The Japanese capture of Shanghai in November of 1937 left the Chinese army retreating to the west. Chiang Kai-shek’s forces had done what they could to protect the important Chinese port, but they were simply overmatched, if not in numbers, then in technology, organization, and firepower.
From the Japanese point of view, there were a couple of reasons to be angry, even in victory. First, the enemy had successfully shot their timeline to pieces. Three months had been spent in the effort to take Shanghai, which was the amount of time Japan’s military leaders believed it would take to capture all of China. Second, as far as the Japanese soldier was concerned, the Chinese retreat was offensive to the Japanese code of bushido. A fight to the death, even one’s own death, was the only honorable outcome in battle. The Chinese departure from Shanghai robbed the Japanese victory (and by extension, the soldier) of honor.
After Shanghai, the Japanese forces split into three westward-moving branches, like tynes on a fork. One went to the north, following the Yangtze River. Another went south of Tai Hu Lake, heading toward Huchow. And the third went straight down the middle, toward Suchow. The ultimate goal was for all three tynes to meet in the vicinity of Nanking. In her book The Rape of Nanking, Iris Chang writes, “Little was spared on the path to Nanking. Japanese veterans remember raiding tiny farm communities, where they clubbed or bayoneted everyone in site. But small villages were not the only casualties; entire cities were razed to the ground.”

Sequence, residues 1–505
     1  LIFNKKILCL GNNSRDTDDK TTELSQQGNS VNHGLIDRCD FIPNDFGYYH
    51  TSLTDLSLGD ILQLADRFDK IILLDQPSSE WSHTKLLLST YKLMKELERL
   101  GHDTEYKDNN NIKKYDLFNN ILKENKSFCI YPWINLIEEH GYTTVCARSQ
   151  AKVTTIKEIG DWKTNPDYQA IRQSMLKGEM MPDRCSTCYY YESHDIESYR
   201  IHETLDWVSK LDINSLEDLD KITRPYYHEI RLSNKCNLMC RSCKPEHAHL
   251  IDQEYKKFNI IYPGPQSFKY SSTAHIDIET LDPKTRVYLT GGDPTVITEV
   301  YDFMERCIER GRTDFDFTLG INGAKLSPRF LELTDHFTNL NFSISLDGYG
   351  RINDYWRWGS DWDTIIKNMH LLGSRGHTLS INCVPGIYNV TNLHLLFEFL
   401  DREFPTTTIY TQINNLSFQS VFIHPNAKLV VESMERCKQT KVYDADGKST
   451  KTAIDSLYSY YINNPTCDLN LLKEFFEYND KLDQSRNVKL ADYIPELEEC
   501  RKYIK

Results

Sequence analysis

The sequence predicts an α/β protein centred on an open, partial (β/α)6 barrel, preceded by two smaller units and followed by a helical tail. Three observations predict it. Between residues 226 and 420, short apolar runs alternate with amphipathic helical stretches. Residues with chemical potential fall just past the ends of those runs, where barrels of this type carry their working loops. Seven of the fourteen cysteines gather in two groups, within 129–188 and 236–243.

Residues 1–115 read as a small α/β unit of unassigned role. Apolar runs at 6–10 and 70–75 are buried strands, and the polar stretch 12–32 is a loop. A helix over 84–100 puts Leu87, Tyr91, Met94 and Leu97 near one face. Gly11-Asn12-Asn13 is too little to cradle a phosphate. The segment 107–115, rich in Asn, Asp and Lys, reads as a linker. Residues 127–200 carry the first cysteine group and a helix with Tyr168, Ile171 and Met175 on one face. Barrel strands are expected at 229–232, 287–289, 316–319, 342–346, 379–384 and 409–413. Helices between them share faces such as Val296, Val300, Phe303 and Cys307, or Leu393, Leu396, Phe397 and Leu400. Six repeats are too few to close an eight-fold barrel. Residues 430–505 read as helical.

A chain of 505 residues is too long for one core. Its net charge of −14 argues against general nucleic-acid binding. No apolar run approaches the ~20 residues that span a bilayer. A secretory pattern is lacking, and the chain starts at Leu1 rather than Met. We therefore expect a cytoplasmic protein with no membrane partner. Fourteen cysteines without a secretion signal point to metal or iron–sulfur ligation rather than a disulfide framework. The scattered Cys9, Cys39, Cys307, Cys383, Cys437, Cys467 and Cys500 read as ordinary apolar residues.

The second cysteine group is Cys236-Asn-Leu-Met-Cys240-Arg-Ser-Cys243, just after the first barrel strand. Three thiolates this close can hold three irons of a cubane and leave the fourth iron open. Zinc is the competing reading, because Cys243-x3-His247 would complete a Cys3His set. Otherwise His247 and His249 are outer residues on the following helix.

On November 19, 1937, that center tyne of the fork arrived at the city of Suchow (modern-day Suzhou). Made up of the 9th Division and led by General Nakajima Kesago (described even by his biographer as a beast of a man), they entered the city in a driving rain.
Before the 19th, Suchow was a grand city of some 350,000 residents. As one of China’s oldest cities, it was famous for its textiles and ornate temples. Its many bridges had earned it the nickname “The Venice of China”. After the 19th, it became a place of death and destruction. For days, Japanese soldiers ran wild, killing citizens by the thousands, burning indiscriminantly, and laying waste to the city.
When the Japanese left Suchow and continued west toward Nanking, they departed a ghost town. One Chinese newspaper reported that the city’s population had been reduced to 500 people. How many were killed versus how many fled the city is not clear, but it’s safe to say that both numbers are significant.
Recommended Reading: The Rape of Nanking